fragment 34 what is space in this work
tinos/ düsseldorf/ wien, 2021
commune 1-73 is a process from the end of august 2021 to 29 may 2022
which will be composed of 73 different fragments i will create in collaboration with different artistic accomplices:
performative fragments, texts, questions, speculations, interventions, objects, photographs, videos, sounds, lectures, etc.
commune 1-73 deals with the organisation, use and narratives of
space and includes the french commune in paris in 1871, the formation of
individual island chains 35 million years ago, dealing with resources today, to
neighbouring planets in the future.
speculations, observations, interventions in and with spaces
between düsseldorf, vienna, berlin, tinos, paris and elsewhere.
an applied artistic thinking in 73 parts or fragments
as loose or specific formulations questioning forms of
appropriation and organisation of space in urban space, wastelands and landscapes.
commune 1-73 is my artistic response to the international urban laboratory of the FFT
düsseldorf place international – the 73 days of the commune or the long wave of
the revolution, the planned opening project for the new theatre KAP 1.
dialogue with spaces
the spaces of different events
are and were places where/in which landscape happens
or places embedded in landscape
landscapes of stone
walled, built or raised from the earth perhaps millions of years ago
places where interventions have taken place where people have
inscribed themselves into the landscape
the romans, the ottomans, the venetian, the...
how to move in and to these landscapes?
as a documentarist? or archaeologist?
or as a poetic intervener or poetic engineer?
who creates attention with and to these events
precisely a thinking about 73 fragments loosely or certain
formulations that ask for forms of appropriation and organisation of space.
what knowledge can research about places bring to light?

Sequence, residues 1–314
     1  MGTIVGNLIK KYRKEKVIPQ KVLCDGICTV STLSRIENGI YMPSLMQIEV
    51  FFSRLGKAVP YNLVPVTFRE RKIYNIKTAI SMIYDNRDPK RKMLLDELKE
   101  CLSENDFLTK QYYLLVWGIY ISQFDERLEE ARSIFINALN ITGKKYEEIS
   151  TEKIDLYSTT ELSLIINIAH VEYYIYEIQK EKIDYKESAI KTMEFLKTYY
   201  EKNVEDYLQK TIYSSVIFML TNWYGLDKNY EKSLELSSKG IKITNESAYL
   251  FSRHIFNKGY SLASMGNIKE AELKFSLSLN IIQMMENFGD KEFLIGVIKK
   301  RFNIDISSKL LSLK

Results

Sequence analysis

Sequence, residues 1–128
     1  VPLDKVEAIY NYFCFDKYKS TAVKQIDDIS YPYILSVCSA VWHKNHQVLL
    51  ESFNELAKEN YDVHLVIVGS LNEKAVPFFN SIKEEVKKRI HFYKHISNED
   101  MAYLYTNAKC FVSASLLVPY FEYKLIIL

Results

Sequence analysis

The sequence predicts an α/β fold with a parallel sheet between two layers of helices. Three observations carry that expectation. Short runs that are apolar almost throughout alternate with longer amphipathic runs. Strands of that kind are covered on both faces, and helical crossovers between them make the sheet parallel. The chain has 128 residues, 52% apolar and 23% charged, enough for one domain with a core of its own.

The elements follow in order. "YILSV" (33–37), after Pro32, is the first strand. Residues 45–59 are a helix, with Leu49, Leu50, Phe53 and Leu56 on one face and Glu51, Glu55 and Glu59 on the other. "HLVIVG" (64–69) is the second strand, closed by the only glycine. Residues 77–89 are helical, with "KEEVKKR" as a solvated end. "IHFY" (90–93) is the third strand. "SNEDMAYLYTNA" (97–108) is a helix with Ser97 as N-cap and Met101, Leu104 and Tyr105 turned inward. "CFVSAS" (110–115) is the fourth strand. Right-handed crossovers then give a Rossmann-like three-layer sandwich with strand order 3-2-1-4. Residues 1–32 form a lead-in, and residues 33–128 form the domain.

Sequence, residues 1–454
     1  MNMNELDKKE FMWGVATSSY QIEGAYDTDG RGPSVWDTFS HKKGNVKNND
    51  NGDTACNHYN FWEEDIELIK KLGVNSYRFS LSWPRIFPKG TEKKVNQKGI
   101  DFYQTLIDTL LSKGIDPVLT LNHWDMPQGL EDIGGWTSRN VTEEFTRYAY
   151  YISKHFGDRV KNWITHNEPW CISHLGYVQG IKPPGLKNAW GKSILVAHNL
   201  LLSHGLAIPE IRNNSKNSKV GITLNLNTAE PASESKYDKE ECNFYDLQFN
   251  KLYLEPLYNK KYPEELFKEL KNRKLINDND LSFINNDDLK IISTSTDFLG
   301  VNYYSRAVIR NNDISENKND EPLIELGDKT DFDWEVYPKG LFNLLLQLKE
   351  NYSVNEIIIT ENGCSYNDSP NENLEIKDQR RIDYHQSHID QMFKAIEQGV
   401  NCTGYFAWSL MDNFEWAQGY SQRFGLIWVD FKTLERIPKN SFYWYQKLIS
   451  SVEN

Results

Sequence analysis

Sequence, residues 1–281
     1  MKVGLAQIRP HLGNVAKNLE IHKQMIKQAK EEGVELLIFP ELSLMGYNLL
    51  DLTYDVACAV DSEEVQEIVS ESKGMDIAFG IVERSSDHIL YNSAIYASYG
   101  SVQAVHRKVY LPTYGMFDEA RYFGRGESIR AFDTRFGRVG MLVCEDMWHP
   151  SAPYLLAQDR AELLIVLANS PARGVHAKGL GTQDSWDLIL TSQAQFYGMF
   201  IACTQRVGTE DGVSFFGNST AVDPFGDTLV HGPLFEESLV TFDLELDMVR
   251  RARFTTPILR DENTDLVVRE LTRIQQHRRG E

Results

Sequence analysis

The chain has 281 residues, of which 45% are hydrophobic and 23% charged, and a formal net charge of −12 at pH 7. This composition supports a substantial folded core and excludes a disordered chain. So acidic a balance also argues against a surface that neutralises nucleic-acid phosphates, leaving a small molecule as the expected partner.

what kind of knowledge?
or what kind of knowledge do writing bodies in time in space make possible?
capturing time slices
and address places as opposite of a thought that arises in them
the places dialogue with each other
but in what language?
what do they say?
or how do they speak?
i bring something from here to there which changes the HERE again
i bring it back again
connection by exchanged matter
which translates one to another
the leftover and reshaped
i read the forms that arise
i use them as beginning for artistic articulation
also or maybe just in the distinction to their surroundings
both are holes
holes in the earth or craters
excavated and stolen
into which time lets itself in
inscribes itself into spatial matter and metamorphosis
the time is out of joint
the space is out of joint
28 years in livada or 2 in düsseldorf or more
wasted time on waste lands
in the time of the space
yes, what is the space in this work
space is perhaps the crime scene
where one searches for traces in a forensic manner or else
traces as an occasion for speculation
that fit in
that stand out
through bushes, homeless people, stones, wind, goats, plans
a speculative object or speculation land in germany
an EU funding project to cope with the water shortage of an island
broken land broken land
formed 30 or 35 million years ago by collision of earth plates
gneiss granite volcanic rock
gneisses are formed by metamorphosis, i.e. transformation of rock
under high pressure and at high temperatures. the original material is overlaid
by many layers of rock. consequently, gneiss only comes to the surface when
either the overlying material has eroded or formerly low-lying layers have been
lifted to the surface by tectonics.
gneisses are often found in the old cores (cratons) of continents,
where they have been exposed by deep erosion. as a rule, these rocks have
undergone several phases of transformation since their formation. they form the
oldest rock formations on earth,
cratons were formed mainly in the archean in connection with the
higher temperatures in the earth's mantle at that time. it is assumed that
island arcs were formed from ocean-ocean plate collisions, that crustal
thickening took place through island arc volcanism, mutual overthrusting of
island arcs and undercutting of oceanic crust, and that these island arcs
slowly became more and more continental through further "orogenies".